Throughout time and history, literature and art, the topic of civil discipline has always been an issue of debate and war. More than once people both innocent and guilty have died affirming their beliefs on the subject, effectively making them a martyr. To Kill a Mockingbird, a story set during the Great Depression by Harper Lee, critically analyzes this topic of punishment and forgiveness, and the consequences of unjustly condemning the innocent. The political concerns of this era also reflect the ideals present in the book, and show the conflicting ideas of the weak against the strong, and how history has always favored the latter. Especially within both the World Wars, figures such as Archduke Ferdinand, Chamberlain, Hitler, Winston, Stalin, and the League of Nations, to name a few, have gone through their respective struggles as they deal with persecution and salvation.
Similes like “ Bitter as the cud” and “ Obscene as cancer” show how haunting a real experience of death can be,one of the many sacrifices of fighting in a war. Nearer to the end of the poem it becomes apparent that he is frustrated that the media has put a glorified and glossy coating over war, unaware of the discordant reality that he and many other soldiers have been forced to live out in their
Some were true while some were just to portray heroism and were filled with false facts. The story “How to Tell a True War story” written by Tim O’Brien illustrates the difference between true and fictional war sorties. To show this O’Brien used two different stories and compared them. In both the stories, the common theme is that war brings melancholy and pain to everyone. The first story was about two friends Curt Lemon and Rat Kiley.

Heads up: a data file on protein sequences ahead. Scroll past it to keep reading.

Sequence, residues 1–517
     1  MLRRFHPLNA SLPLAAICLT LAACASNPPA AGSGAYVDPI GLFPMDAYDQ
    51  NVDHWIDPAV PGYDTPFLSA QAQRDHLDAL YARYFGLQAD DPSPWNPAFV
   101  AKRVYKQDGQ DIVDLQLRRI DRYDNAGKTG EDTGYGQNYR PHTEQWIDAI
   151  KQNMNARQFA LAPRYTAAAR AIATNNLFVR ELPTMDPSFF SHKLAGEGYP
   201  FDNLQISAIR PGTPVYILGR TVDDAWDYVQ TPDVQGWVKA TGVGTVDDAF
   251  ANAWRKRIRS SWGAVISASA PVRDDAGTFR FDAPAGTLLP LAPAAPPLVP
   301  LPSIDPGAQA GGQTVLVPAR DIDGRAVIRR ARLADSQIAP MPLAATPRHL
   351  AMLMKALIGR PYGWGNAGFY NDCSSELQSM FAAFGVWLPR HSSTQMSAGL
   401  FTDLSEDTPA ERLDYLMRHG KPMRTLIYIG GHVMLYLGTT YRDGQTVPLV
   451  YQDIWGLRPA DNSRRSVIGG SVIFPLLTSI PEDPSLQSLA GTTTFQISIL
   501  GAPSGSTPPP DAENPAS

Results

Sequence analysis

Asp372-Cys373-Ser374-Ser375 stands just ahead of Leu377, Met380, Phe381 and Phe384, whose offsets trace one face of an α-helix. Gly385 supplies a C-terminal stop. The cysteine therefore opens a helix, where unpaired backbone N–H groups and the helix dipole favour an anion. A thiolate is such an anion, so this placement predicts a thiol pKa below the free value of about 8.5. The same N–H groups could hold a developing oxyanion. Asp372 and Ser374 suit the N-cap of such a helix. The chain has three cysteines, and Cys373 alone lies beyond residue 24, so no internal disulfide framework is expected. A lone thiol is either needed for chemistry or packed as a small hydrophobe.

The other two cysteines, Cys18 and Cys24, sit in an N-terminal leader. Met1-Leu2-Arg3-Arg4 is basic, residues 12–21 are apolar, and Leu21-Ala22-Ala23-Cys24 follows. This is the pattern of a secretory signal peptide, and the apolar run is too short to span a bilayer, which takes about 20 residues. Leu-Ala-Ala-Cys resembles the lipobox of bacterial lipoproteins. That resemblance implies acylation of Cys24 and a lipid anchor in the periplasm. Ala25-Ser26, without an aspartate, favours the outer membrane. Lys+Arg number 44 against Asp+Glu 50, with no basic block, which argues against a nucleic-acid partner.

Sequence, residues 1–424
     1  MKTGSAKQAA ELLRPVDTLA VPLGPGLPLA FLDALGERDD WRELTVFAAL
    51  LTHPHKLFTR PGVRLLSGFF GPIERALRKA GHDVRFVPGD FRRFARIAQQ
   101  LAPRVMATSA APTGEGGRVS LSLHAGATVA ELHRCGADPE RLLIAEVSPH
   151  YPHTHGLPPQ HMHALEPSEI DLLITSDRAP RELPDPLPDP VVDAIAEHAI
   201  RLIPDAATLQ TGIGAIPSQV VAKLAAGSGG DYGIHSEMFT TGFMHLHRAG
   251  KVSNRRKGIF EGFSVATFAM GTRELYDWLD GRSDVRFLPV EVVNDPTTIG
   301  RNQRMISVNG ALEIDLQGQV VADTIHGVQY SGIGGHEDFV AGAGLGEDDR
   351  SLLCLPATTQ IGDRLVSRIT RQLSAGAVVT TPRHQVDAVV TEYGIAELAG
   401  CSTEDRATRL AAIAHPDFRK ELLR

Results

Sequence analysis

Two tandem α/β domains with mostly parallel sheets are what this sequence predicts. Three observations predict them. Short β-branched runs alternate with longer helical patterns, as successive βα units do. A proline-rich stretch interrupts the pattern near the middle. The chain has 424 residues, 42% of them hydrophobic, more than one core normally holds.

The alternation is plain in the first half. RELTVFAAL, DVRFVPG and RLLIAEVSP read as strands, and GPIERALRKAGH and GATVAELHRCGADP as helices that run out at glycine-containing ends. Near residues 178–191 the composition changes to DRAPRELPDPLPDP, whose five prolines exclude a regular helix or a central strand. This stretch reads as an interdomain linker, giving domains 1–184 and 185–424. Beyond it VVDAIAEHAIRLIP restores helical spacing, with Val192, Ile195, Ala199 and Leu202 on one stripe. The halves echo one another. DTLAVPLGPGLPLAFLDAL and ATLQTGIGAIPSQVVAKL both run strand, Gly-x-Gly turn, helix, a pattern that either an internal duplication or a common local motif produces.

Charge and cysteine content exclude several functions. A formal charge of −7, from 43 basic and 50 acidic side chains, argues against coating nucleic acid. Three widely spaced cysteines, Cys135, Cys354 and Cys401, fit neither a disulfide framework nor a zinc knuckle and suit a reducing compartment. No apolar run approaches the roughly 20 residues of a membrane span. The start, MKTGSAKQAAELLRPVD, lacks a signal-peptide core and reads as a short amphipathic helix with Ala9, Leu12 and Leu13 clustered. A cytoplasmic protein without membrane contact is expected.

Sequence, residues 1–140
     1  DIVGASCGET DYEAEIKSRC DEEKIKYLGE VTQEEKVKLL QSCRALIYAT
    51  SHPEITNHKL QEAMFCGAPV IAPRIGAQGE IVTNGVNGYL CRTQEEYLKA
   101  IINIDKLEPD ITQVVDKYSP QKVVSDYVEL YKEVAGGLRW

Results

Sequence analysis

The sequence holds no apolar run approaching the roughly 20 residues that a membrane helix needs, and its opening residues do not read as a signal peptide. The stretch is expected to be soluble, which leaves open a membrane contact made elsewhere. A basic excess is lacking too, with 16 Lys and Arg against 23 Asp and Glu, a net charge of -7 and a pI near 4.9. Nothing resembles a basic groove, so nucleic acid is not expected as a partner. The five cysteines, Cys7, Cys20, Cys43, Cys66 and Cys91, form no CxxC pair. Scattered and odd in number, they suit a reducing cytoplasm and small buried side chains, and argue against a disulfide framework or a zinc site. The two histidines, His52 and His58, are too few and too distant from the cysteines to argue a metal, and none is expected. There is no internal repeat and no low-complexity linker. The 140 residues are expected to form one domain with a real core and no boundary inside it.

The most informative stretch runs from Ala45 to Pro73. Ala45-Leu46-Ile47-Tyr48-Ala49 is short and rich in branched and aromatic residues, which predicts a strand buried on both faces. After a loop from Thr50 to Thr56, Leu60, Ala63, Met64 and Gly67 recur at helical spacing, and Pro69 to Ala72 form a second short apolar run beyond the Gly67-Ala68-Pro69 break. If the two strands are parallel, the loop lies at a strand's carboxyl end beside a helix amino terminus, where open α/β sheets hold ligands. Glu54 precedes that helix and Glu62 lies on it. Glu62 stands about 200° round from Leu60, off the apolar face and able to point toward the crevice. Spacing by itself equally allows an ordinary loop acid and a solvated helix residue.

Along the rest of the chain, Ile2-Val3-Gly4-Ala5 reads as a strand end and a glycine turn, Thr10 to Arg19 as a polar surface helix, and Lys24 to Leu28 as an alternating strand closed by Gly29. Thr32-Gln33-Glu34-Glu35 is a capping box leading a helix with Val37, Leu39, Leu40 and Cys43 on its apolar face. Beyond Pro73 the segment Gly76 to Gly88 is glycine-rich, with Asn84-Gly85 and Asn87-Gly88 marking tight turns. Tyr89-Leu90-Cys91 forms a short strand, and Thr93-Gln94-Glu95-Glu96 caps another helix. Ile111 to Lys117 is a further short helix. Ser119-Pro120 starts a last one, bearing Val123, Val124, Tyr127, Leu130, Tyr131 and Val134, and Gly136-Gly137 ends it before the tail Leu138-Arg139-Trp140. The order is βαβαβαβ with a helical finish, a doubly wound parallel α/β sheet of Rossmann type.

The soldiers in All Quiet on the Western Front, have experienced many hardships and they are expressed in a way of great horror and violence along with In The Field written by Tim O’Brien, and In Flanders Fields, written by John McCrae. Throughout the novel of All Quiet on the Western Front, which was written by Erich Maria Remarque, there are countless mentions that truly show the true horrors of war. Paul Baumer, the leading protagonist in All Quiet on the Western Front, states his surroundings in a way that entices the reader to his perspective and really coaxes with their mind to induce the harsh surroundings and environments that lie in war. In the beginning of chapter six, Paul and the other soldiers are settled along the front, which for the average person, is enough to scare them to a point where they would not even consider going into warfare because of the horrors that lie within Paul Baumer and the other soldiers. Paul describes it as a “cage in which we must wait fearfully” no matter what can happen(Remarque 101).
War is horrible, and it always affects the community; whether it be economically, physically, or mentally. The first theme; effect war has on soldiers. For the most part, the setting is on the battle field. We, as readers, witness first hand how the war is changing these men. You can see their personality changing.